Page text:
Next, we take these quotes and pair them with stock images to create custom images we can use on our social media platforms.

With all the pieces in place, we’ll then use MeetEdgar to schedule and post them to our social media platforms.

Here’s an example of what I posted to my personal Facebook page.

Facebook Example [image]


Here’s what we used on my business Facebook page.


FB business post example [image]

FB biz example image 2


FB biz example 3 [image]


We also create a custom image for the article title, which is what we shared on Twitter.


Twitter Example [image]


6. Make a YouTube video

Once we’ve shared the content multiple times on my social media platforms, we then create a video of the content.

To do this, I read the article aloud and record the audio. Then, one of my team members will create slides to accompany the audio. We combine the audio and the slides to create a video—which is essentially a “live” PowerPoint presentation of the content.

When the video is ready, my team uploads it to my YouTube channel two weeks after the original article went live.

Besides YouTube, we’re starting to upload these videos to Facebook and (soon) to LinkedIn.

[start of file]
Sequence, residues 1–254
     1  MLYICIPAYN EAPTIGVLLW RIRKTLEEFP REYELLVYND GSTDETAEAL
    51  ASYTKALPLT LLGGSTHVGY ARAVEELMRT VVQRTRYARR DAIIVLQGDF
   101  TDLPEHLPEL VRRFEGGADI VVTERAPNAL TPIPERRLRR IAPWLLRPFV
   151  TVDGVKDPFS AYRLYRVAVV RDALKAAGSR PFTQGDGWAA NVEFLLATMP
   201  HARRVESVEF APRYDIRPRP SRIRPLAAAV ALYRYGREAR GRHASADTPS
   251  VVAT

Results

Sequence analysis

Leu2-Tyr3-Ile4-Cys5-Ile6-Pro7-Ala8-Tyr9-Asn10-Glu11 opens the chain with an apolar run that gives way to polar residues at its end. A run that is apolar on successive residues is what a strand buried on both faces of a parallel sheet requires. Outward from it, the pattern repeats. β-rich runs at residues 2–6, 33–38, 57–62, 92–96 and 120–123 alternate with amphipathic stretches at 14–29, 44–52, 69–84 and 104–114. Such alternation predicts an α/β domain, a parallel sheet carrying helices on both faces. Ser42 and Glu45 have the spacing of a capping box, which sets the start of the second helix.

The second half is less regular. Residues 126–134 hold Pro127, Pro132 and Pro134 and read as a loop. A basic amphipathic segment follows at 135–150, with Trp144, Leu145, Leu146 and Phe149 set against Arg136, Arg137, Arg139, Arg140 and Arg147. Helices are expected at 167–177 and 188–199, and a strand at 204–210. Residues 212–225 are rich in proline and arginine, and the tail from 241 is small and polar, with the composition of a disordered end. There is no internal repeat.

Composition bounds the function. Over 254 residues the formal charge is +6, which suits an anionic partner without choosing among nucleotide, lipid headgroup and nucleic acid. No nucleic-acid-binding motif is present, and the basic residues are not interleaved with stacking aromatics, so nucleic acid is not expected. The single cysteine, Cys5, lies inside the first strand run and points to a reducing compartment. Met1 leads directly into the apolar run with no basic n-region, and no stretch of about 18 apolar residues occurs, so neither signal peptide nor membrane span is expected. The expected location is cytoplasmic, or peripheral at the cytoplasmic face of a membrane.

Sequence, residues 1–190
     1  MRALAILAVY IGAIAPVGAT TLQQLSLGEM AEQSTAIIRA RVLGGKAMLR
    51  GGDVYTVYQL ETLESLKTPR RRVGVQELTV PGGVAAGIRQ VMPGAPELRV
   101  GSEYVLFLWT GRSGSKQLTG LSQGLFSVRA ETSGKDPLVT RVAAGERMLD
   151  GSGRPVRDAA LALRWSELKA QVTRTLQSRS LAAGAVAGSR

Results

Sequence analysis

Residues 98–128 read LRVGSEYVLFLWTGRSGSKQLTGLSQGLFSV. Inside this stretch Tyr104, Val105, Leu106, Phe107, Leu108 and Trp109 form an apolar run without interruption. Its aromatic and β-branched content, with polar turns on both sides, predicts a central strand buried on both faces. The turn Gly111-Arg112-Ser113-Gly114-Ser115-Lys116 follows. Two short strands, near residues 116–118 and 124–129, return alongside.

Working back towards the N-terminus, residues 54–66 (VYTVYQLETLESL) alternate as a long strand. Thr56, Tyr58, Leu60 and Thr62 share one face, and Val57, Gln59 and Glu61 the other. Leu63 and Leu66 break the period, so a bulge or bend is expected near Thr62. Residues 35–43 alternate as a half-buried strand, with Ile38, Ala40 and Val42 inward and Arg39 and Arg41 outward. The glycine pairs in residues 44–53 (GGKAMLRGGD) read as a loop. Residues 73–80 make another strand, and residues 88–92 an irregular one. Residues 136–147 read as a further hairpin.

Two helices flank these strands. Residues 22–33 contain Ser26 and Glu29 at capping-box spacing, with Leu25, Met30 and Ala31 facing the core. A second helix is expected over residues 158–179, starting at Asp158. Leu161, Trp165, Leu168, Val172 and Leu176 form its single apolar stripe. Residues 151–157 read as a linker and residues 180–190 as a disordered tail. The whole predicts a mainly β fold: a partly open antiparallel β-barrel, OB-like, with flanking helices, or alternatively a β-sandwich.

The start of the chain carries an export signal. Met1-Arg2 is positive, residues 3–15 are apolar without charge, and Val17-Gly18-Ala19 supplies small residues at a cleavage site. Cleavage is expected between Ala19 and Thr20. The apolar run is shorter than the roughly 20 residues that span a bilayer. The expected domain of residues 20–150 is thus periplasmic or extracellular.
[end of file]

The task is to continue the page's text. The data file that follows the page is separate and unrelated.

7. Write a LinkedIn article

LinkedIn allows users to share entire articles via LinkedIn Publisher. And that’s another place I share my content.

About four weeks after posting the article to my own site, a team member will upload the entire article to LinkedIn Publisher. (We wait four weeks before publishing it on LinkedIn to give Google time to index the article on my site.)

You can see a list of my articles on LinkedIn under “See more articles.”


LinkedIn Article Example [image]


And you can drill down to see the article itself.


LinkedIn Article Example [image]

8. Use Medium

Before we’re done, we also post the article to after a four-week delay (although this is still a work in progress!).

Your Goal Is to Foster Relationships

I hope this gives you ideas about just some of the ways you can share, distribute and repurpose your content for different platforms to get the most bang for your writing buck.

Again, the idea is to write once and publish multiple times.

Publishing and sharing to different platforms is a valid way to reach different audiences—because not everyone has the same go-to platform (e.g., Twitter versus Facebook) or the same preferred mode of digesting content (e.g., written content versus video). And not everyone is paying close attention to any one medium at any given time.

Worried that Google will penalize you for republishing your content in multiple places? There’s no need to worry. SEO experts agree that you would have to do this dozens and dozens of times with one piece of content before it raises red flags with Google.

But one word of caution: When you apply this approach to your own content, always remain respectful of your readers. Do NOT step over into spam territory.

Rather, your goal is to provide high-quality content that helps existing followers, attracts new followers, builds trust and fosters long-term relationships.